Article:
Student Enters Existential Crisis Following a Con Law Class

TEMPE, AZ—Last Tuesday, 1L Winston Smith was cold-called by Constitutional Law Professor Geoffrey Fry to discuss Brown v. Board of Education. Asked if he agreed with the Court’s ruling, Smith replied that he did. “Really?” asked Professor Fry, “Where in the Constitution does it say that separate but equal treatment is unconstitutional?”

What followed cannot be directly verified since Winston was unavailable for comment, but we have been able to piece together a general narrative from various classmates present during class. “I was on Facebook,” said peer Mike Jones, “but I heard Winston try to defend why hamsters cannot be elected to Congress even though there is nothing in the Constitution that forbids it.”

“I don’t know what’s going on in that class,” confessed 1L Mary Shelley, “I just flip through my Constitution and try to look busy. But I heard Professor Fry ask Winston about the Equal Protection Clause, Commerce Power and if the President has the power to enter your house and upper decker your toilet whenever he wants.”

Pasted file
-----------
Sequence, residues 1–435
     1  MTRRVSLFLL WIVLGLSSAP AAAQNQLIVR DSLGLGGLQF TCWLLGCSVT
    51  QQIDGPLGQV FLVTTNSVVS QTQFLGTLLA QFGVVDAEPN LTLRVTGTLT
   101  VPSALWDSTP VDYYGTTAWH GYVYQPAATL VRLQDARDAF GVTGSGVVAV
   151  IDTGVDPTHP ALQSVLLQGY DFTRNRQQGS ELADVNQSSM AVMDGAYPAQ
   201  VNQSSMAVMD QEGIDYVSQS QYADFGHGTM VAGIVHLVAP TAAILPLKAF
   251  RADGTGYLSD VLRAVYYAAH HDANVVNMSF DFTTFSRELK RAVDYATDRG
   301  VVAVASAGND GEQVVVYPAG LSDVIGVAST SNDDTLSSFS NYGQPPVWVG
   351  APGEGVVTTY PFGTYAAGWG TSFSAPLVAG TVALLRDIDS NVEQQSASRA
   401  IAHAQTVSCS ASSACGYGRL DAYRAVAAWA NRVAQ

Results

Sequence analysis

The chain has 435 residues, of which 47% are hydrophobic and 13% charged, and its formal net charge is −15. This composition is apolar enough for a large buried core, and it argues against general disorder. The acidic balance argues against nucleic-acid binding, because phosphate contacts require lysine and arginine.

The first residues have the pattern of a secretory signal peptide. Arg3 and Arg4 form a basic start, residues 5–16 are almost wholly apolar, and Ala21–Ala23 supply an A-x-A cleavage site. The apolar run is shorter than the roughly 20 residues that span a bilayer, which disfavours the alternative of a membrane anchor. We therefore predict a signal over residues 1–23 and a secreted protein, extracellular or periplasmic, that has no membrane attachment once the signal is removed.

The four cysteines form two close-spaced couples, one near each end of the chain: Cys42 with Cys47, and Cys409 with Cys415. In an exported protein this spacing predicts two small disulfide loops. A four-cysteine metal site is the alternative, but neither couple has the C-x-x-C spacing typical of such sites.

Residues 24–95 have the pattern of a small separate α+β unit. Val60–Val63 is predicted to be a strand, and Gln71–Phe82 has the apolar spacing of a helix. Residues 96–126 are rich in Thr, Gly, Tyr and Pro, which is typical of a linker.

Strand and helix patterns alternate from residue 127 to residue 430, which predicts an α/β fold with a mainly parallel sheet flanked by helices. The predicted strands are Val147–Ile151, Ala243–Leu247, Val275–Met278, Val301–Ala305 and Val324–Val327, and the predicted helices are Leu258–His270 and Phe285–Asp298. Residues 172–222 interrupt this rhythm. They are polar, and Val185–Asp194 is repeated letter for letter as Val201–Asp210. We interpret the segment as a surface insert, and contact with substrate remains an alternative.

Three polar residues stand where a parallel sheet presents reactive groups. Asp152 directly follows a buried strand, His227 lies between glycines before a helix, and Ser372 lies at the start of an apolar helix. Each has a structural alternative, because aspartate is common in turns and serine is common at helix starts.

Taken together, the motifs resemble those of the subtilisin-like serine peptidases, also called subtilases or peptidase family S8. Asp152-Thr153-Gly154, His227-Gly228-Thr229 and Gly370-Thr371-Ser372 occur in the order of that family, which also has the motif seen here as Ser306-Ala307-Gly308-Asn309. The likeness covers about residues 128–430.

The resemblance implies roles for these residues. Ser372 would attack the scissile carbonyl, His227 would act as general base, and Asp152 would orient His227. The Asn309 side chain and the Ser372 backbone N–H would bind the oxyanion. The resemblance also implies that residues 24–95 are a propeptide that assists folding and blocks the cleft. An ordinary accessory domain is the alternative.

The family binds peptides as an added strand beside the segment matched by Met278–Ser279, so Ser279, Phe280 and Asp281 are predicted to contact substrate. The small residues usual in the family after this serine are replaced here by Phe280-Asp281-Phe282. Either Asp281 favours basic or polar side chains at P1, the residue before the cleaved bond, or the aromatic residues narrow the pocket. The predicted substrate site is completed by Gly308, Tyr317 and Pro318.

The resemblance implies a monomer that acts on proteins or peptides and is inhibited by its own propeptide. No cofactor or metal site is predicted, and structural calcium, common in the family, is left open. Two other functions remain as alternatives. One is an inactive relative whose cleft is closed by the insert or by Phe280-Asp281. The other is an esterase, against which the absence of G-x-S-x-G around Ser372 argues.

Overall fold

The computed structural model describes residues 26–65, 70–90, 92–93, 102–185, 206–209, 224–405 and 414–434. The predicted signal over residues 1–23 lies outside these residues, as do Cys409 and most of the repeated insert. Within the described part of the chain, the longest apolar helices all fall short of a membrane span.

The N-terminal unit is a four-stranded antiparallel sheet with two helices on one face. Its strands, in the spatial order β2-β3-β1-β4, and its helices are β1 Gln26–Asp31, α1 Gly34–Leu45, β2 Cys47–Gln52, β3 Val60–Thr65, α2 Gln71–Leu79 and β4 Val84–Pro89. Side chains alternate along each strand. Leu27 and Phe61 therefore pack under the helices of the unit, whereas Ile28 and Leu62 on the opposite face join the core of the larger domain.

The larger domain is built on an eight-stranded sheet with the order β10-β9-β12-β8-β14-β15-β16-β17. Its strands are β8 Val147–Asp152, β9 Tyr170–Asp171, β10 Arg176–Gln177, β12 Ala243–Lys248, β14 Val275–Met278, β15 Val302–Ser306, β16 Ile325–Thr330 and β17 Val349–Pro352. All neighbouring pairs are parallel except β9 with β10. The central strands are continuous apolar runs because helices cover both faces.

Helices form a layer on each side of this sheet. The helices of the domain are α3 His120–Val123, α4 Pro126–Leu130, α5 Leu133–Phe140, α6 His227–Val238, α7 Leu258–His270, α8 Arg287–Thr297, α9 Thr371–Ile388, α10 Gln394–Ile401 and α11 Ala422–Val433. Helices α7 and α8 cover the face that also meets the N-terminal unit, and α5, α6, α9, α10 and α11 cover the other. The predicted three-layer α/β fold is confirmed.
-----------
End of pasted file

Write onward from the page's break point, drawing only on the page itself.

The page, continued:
Following class, Winston was overheard muttering, “I don’t know what’s real anymore. Nothing is Constitutional.” He then proceeded to drive home while refusing to stop on red and blowing though stop signs. According to an unnamed eye witness, Winston was heard shouting, “This is not part of interstate commerce!” as he flipped off the traffic signal and blew through red lights.

That evening, Winston was seen walking naked through his apartment complex with his copy of the Constitution. He was heard asking trees if they are “necessary and proper” as he feverishly thumbed through the Constitution. He was also seen trying to capture a stray cat that he named Lochner, as he screamed about government seizures and repeatedly exclaimed “We are all the government!” The Misnomer is happy to report that Lochner escaped unharmed.

The next morning, the situation took a turn for the worse as Winston was seen on the roof of his apartment building. The police and fire department quickly responded. Through a bullhorn, they tried to convince Winston to not jump. “The law of gravity is unconstitutional!” shouted Winston. “There is nothing in the Constitution about the law of gravity, therefore it does not survive strict scrutiny.”

Luckily, Winston was talked down from the building when the police negotiator convinced him that a 28th Amendment had just been ratified which recognized the law of gravity.

Winston was taken to a psychiatrist who was baffled about how to help Winston. “He is at a critical junction,” said psychiatrist Dr. Jones, “he will either get Constitutional Law or his brain will overload and he’ll have to be institutionalized. There is nothing I can do for him.” Winston replied, “Is that Constitutional?”

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